Now, about Hamdi . . .

Presser: 1/6/05, 10:08 PM
I'll begin by coming back to Hamdi for a moment. You object to Thomas's lone dissent in that case—nay, you've indicated that it's a disqualifier for elevating him to Chief Justice—because, in your view, Thomas's dissent in effect amends the constitution by allowing the executive rather than the legislature to waive habeus corpus, beyond the reach of courts. And yet, you've just told me that you favor allowing the Court to amend the constitution outside of Article V, because that's what it does and does so well. Somehow, however, it's not a game that you want Thomas to play. What kind of discrimination are you practicing?

To be a bit more serious, however, I think what you're trying to tell me is that you don't like Thomas, not really because of his inconsistent originalism, but rather because you feel he's out of tune with the view which you now claim has popular approval: that it's the job of the Supreme Court to amend the Constitution outside of article V. What's more, you like the results of that ongoing amendment process, you think the American people do as well, and you're pretty sure Thomas does not (and neither do I).

You argue that this sort of Supreme Court constitutional amendment is nothing new. I'll grant you the New Deal court in 1937 amended the prior understanding of "interstate commerce," and probably "due process" as well, and that the Warren Court amended the meaning of "equal protection" and lots of other constitutional provisions. I really do think that it would be hard to get a majority of Americans to agree that we have a long clear and venerated tradition of using the Court to bypass Article V, and amend the constitution, however. Moreover, I don't agree that the Warren Court's decisions (apart from Brown) have necessarily met with popular approval, nor am I prepared to agree that the results of the Warren Court's, the Burger Court's and the Rehnquist Court's exercises in ignoring Article V have been applauded by the American people.

Very large majorities of the American people, for example, do not understand why the American flag cannot be protected from desecration, and would cheerfully sign on to a constitutional amendment to do just that (I believe all 50 of the state legislatures have indicated they would approve the amendment, although it keeps failing in the Senate by a very few votes). Very possibly a sizeable majority of the American people believe that the question of abortion ought to be resolved at the state level. I'm pretty sure a majority of Virginians would have liked to see VMI remain a single-sex institution (you're wrong, by the way that Virginia had only tradition to rely on, there was testimony that to introduce women into VMI would radically alter the nature of the military discipline and the cohesion-building practices at the school, which were of its essence, and Virginia did take steps to offer a different program, more suited to women, at Mary Washington—a stab at separate but equal). We should probably take VMI off the table, though, because, you'll remember, Thomas didn't participate in that case (I think his son was a VMI student).

More to the point—not only do I not believe that the American people have acquiesced in the attempt to make Article V irrelevant and discourage its use, I think the recent election victory of George W. Bush, and his very visible stump support for Scalia and Thomas as judicial models, proves that the American people are beginning to understand what the Supreme Court has been up to, and they don't like it. That's after all, how we end up considering the possibility of Thomas for Chief Justice in the first place. Your belief, like Bruce Ackerman's, that the Court ought to be amending the constitution, I daresay, is the belief of the majority of the law professoriate, and of the chattering classes, but hardly that of the American people (or at least those in the red states).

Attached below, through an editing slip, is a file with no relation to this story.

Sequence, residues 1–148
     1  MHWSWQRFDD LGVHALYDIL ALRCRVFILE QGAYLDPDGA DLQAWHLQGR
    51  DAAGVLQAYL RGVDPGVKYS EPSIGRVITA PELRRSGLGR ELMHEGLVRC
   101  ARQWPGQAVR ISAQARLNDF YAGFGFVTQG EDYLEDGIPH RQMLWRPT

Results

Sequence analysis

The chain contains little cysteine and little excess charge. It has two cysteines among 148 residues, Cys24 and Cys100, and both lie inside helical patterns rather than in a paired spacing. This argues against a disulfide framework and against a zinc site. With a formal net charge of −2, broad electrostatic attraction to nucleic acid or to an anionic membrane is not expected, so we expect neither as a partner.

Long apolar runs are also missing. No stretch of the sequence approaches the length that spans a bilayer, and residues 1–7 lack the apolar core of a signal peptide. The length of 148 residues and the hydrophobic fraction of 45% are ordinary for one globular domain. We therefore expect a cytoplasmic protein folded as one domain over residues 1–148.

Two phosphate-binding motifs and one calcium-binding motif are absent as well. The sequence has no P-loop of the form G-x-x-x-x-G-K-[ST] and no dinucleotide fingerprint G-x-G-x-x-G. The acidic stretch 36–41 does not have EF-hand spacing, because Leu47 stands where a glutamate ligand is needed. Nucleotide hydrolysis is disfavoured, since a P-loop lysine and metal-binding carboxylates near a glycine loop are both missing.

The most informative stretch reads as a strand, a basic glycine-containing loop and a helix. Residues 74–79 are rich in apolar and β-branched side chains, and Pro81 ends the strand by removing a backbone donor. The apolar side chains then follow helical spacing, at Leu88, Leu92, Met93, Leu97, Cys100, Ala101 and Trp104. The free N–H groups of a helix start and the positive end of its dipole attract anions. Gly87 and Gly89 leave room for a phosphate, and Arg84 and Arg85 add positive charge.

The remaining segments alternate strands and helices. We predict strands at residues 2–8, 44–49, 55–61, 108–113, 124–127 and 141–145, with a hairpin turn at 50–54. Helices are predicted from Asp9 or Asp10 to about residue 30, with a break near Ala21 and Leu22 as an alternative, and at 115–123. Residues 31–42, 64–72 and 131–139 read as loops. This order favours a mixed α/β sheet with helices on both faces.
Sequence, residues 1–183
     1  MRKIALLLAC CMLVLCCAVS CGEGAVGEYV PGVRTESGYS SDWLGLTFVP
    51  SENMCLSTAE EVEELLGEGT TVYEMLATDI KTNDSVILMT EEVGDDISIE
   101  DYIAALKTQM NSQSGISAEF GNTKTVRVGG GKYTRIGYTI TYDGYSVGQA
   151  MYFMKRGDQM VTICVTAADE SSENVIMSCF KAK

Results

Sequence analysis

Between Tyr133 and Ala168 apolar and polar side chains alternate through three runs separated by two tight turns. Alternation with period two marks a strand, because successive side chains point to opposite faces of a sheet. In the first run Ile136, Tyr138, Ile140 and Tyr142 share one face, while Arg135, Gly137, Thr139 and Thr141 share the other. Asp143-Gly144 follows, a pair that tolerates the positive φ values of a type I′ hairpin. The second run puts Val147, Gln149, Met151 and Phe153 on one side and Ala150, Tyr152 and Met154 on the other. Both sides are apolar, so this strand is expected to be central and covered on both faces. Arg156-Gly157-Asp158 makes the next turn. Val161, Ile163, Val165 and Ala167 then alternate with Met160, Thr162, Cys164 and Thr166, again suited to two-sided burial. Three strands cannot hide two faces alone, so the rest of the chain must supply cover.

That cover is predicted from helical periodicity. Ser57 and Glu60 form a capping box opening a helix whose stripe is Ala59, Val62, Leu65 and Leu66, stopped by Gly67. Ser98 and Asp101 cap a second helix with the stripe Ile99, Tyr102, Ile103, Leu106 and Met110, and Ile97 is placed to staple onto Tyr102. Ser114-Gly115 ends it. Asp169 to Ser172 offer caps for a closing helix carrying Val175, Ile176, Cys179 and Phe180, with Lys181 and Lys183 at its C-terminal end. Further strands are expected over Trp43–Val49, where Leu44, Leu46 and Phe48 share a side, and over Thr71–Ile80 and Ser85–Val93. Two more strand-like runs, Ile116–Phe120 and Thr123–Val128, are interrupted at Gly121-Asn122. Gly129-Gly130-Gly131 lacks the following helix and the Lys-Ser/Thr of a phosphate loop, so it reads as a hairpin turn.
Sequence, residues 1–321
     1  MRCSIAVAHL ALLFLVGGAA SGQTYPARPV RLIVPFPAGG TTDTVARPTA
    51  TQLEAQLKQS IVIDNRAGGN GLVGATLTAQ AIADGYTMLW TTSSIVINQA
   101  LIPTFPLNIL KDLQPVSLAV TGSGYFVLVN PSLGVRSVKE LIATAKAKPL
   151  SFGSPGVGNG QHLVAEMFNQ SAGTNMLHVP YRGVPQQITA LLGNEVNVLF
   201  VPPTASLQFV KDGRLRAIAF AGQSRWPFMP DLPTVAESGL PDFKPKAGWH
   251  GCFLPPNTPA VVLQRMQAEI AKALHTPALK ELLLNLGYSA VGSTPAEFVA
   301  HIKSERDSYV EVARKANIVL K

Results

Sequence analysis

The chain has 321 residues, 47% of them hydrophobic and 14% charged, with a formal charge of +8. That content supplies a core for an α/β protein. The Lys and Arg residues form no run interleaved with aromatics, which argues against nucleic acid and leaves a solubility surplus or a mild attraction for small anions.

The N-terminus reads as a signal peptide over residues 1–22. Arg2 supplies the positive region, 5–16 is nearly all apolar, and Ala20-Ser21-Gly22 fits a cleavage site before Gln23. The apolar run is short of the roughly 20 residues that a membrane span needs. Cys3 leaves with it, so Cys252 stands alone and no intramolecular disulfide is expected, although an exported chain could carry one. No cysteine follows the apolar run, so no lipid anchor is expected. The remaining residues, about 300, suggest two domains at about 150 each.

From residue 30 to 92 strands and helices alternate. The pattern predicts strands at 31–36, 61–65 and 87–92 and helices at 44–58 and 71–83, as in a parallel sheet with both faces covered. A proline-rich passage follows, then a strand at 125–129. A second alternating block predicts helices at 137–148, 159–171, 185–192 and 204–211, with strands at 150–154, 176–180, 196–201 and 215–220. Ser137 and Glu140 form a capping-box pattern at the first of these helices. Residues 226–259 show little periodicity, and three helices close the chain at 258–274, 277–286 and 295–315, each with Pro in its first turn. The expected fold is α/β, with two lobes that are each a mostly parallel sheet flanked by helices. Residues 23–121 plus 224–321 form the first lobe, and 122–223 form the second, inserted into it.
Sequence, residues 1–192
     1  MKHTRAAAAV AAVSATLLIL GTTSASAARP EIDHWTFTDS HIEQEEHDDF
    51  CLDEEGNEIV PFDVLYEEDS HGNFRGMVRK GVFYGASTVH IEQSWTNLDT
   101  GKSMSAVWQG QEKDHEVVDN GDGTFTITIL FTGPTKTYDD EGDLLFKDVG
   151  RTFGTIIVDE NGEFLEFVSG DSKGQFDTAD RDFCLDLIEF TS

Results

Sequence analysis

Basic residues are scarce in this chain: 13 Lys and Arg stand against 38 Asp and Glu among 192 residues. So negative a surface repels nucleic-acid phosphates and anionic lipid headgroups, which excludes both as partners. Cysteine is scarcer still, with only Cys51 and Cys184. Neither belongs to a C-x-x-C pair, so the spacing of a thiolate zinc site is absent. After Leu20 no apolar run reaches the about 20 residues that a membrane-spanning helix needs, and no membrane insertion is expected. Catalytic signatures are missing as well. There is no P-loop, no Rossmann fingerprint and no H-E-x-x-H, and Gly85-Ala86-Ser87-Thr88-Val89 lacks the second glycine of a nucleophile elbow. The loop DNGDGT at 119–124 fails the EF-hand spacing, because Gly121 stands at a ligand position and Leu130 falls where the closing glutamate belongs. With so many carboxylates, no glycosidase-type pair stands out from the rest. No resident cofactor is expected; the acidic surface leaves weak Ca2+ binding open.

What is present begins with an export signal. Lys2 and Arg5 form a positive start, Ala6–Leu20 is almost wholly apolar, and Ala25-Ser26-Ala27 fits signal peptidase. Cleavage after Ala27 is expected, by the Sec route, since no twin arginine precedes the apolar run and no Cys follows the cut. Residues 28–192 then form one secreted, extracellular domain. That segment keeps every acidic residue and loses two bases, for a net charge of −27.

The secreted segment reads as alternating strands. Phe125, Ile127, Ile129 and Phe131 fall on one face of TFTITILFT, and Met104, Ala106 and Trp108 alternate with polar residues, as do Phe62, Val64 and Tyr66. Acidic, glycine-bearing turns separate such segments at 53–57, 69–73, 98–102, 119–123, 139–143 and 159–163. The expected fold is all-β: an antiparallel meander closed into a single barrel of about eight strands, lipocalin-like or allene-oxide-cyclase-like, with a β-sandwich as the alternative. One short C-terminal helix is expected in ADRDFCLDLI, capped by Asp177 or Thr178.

Will we be able to finish in just one more round?

This Week's Entries: Monday | Tuesday | Wednesday | Thursday | Friday

Marcosson: 1/7/05, 08:23 AM
I think we can reach a sort of finish, in that I can sum up the basis for my opposition to the Thomas for Chief Campaign. But I hope the dialog we've established between the two of us continues, even if it takes a more private form. I've enjoyed the give and take immensely.

Am I unfair to Justice Thomas's Hamdi opinion? You make a move both interesting and amusing in defending it as just the sort of amendment by judicial fiat I've professed to like (touche!), but of course that's not much of a defense from your point of view, is it? But to take the point on my terms, and perhaps to clarify what I like the Court to be doing, the "transformation" Justice Thomas sought to work in Hamdi did two very dangerous things: it usurped a clear, textual power of Congress (to suspend, or not, habeas corpus—Scalia's point); and it abdicated the Judiciary's own responsibility to determine whether the Executive branch has overstepped constitutional limits in executing the laws. If I've given indication that I approve of that, let me be clear: I don't.

That sort of fundamental shifting of powers between the branches, which is both directly contrary to the existing text and allows government abuse of individual freedoms to go unchecked, requires Article V-style amendment if it's going to happen at all. It bears no resemblance to the Court expanding the scope of the Constitution's protections in cases like Brown or Lawrence or VMI. (I think VMI stays on the table; is there any doubt how Thomas would have voted had it been The Citadel rather than VMI?) In each of those cases, the Court simply recognized modern insights into the nature, and injustice, of forms of inequality, refusing to accept them simply because the Court and country had previously done so. The Court didn't write equal protection into the constitution; it made equal protection more real for more Americans through plausible transformative interpretation of the existing text. Allowing the President to suspend habeas corpus and act without judicial oversight? That's not interpretation; that's the stuff of amendments.